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Music and the Story of Haiti
on Afropop Worldwide
From Vodou to Compas to Racine to Rara and Beyond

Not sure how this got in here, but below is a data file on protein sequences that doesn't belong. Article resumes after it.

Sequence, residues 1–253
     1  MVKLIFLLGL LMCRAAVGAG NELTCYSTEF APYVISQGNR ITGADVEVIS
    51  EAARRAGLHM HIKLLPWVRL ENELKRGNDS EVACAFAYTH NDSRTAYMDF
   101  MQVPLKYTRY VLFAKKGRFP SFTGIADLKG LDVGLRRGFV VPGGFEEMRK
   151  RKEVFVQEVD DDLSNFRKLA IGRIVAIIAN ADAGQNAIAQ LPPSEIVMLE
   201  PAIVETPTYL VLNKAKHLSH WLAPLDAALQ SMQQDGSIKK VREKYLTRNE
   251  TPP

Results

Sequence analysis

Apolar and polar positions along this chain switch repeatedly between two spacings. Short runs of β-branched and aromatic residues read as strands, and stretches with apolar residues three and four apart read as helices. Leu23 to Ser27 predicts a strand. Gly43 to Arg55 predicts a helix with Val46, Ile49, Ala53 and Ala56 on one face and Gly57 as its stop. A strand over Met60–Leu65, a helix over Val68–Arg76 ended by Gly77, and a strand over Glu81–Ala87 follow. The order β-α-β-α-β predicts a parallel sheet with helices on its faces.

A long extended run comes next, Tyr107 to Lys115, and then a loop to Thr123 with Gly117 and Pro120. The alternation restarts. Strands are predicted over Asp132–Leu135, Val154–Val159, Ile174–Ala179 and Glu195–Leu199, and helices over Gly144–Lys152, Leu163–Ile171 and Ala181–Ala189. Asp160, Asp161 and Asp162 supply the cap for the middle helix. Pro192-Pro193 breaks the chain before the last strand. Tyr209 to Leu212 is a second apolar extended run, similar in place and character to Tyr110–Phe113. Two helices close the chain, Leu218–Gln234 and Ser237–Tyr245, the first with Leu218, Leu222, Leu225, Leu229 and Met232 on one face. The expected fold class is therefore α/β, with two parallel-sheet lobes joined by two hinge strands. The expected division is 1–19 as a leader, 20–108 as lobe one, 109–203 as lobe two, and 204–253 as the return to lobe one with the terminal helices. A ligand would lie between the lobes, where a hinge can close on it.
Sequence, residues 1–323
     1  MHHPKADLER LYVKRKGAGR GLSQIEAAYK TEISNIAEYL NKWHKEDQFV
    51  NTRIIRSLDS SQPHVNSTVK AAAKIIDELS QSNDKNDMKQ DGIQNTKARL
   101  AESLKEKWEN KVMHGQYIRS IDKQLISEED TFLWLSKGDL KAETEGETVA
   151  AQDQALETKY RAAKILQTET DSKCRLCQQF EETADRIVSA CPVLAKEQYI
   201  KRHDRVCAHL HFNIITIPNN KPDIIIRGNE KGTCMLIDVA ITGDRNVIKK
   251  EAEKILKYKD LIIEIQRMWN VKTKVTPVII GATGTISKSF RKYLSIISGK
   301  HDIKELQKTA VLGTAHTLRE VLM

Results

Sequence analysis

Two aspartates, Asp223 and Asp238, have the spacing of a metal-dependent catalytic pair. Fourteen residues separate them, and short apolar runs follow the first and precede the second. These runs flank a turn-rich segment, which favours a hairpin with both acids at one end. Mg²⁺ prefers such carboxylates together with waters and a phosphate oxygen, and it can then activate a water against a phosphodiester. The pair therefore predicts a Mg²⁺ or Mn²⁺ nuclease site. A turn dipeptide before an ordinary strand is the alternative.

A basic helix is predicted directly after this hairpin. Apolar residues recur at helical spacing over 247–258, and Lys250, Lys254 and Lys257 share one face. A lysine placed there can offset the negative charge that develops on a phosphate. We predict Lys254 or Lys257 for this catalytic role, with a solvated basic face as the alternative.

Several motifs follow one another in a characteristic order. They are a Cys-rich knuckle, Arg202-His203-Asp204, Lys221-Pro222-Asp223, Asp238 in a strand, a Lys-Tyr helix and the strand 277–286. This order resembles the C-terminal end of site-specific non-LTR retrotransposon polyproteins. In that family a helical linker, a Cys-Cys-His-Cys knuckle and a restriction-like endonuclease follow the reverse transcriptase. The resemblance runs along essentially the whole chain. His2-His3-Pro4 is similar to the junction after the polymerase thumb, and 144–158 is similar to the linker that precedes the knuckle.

Haiti became the first black-ruled republic in the Americas in 1804, and music has mirrored, and at times shaped, the twists and turns of Haiti's politics and culture ever since. A primary source of Haitian culture is Dahomey, the birthplace of vodou--the most commonly held world view among Haitian people today. We explore how each of Haiti's rulers has championed his own preferred music. The Duvalier dictators favored compas dance music, and suppressed the most African-identified cultural expressions. When Baby Doc was run out of the country in 1986, African-derived racine, or roots, music exploded. Elizabeth McAlister, professor of religion at Wesleyan University, and several community scholars--Jean-Jean Pierre and Holy Nicolas--interweave music and history to tell a dynamic, and at times heart-breaking story. Included in the mix we'll hear the sweet sound of troubadour balladeers, as well as the exuberant tones of rara bands, the call and response of a capela kombit songs of work parties, impassioned choral music of evangelical churches, and the sophisticated, improvisational rhythms used in vodou rituals.



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